Touro College 127
Emory University 126
Murphy Deming College of Health Science 126
University of Nebraska 123
Georgia Regents University 122
University of South Alabama 121
Campbell University 120
University of Maryland 120
Idaho State University 120
Heritage University 120
The next step in this evaluation was to consider how the PAs academic workload and education complexity compared to other non-physician doctorate programs. The following list outlines similar doctorate programs in health care. Each has an equal or significantly less academic workload. In addition, it should be noted that most, like the PA, work with physicians and are regulated by a governing board and state laws.
Typical Academic Workload for a Doctorate in Healthcare
The South Carolina College of Pharmacy Doctorate of Pharmacy – 146 Semester Hours
The University of South Carolina Doctor of Physical Therapy – 124 Semester Hours
The University of South Carolina Doctor of Nurse Practitioner – 75 Semester Hours
The Medical School of South Carolina PhD in Nursing – 62 Semester Hours
Each of the preceding examples is bachelor to doctorate options (no master’s degree required). To help put this into perspective, minimum standards for a PhD at Clemson and the University of South Carolina were reviewed. In both instances, these requirements are much less than all operational PA programs. Granted these degrees are research and not applied doctorates but the significance of relevant academic workload cannot be overlooked.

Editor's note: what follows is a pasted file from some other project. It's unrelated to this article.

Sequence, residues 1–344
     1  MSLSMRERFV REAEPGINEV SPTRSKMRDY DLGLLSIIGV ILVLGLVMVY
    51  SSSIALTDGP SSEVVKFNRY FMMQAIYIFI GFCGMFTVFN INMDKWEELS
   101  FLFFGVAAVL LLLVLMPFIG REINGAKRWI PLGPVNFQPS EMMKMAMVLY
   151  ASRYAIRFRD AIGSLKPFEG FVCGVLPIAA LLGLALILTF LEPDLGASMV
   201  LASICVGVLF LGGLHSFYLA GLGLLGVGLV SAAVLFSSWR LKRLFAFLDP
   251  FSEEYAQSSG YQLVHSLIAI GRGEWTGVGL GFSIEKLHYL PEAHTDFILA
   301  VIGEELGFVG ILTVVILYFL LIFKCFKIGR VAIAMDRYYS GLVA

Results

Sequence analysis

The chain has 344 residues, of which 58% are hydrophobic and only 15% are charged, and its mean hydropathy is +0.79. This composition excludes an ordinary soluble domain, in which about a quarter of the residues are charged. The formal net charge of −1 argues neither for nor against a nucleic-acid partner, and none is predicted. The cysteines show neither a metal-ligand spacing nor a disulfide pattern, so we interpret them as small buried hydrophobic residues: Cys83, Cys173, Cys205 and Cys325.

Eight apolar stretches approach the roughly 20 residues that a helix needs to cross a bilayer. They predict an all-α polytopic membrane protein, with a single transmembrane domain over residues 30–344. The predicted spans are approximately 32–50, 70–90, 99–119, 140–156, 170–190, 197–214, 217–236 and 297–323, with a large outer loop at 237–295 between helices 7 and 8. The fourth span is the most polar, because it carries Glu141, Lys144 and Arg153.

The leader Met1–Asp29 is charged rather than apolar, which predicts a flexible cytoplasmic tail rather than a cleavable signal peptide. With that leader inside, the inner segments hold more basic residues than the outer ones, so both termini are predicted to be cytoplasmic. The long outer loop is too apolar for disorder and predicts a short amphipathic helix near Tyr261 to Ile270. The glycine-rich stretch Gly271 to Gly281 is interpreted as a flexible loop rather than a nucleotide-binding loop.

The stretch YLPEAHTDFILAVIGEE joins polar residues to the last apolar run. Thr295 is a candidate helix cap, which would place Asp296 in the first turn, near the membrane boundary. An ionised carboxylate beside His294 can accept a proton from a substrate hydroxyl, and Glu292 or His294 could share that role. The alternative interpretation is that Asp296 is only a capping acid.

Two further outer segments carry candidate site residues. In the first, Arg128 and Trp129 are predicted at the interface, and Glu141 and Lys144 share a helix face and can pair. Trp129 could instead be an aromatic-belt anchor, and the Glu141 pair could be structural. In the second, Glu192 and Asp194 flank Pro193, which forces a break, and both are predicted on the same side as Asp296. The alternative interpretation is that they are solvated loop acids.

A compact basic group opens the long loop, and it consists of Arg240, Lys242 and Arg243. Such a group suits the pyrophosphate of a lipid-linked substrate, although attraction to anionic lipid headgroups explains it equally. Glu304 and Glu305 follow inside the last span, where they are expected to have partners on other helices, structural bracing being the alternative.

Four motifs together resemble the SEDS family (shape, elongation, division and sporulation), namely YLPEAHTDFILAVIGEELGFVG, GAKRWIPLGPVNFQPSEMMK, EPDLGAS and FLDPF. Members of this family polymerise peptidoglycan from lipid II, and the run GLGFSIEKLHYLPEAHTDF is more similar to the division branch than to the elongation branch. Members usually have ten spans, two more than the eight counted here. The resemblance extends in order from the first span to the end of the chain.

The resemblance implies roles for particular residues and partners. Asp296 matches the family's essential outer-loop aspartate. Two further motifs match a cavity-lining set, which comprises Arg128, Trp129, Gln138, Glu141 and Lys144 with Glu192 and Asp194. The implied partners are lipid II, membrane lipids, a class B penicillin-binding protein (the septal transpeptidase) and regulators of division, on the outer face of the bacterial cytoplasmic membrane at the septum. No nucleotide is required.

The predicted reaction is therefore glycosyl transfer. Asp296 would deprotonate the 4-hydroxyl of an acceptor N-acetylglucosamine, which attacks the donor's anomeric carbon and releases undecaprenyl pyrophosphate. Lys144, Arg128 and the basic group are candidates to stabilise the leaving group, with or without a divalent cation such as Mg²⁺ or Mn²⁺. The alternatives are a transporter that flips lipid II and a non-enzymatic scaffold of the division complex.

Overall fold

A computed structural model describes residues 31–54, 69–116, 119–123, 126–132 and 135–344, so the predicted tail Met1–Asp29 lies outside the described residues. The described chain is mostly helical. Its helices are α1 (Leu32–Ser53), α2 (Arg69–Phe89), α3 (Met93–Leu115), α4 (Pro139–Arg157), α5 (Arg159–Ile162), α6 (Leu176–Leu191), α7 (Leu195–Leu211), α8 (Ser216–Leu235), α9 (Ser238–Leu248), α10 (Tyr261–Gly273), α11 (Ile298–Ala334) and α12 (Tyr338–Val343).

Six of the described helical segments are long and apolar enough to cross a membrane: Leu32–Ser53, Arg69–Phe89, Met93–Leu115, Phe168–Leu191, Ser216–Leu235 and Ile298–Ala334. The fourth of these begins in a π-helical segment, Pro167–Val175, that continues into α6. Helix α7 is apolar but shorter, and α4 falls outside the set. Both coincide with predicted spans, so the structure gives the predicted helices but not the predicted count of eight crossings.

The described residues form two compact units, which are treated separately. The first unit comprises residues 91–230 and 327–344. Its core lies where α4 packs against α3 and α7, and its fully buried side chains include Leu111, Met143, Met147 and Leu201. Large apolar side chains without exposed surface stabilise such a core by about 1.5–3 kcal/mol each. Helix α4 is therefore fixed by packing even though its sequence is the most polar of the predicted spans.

Typical Academic Workload for a Doctor of Philosophy Degree (PhD)
At Clemson, the minimum requirement for a PhD is 65 Semester Hours post baccalaureate degree.
At the University of South Carolina, the minimum requirement for a PhD is 60 Semester Hours post baccalaureate degree.
In summary, this document supports a doctorate option for PA programs while suggesting no change to the existing pre-requisites, curriculum, cost, or outcomes. The option would not impact state laws or medical board mandates on PA practice and would not change the physician/PA relationship. It simply respects the work done and degree earned. Above all things, a PA program seeking doctorate status MUST meet regional accreditation criteria and fulfill all ARC-PA standards to operate.
Please do NOT let words on a diploma hold the PA’s academic accomplishments hostage. These words do not and will not compromise the strong and longstanding physician/PA practice.
During the upcoming PAEA annual conference, PAEA will debate the doctorate option on October 16, 2014 (Thursday) and vote to re-affirm the 2009 memorandum (supporting the Master’s degree and opposing the Doctorate degree) on Saturday October 18, 2014 (during the PAEA business meeting). If you are a voting member, you should let your voice be heard.
Finally, please, I ask all parties concerned to be civil about this debate and to use this time to work together. OK….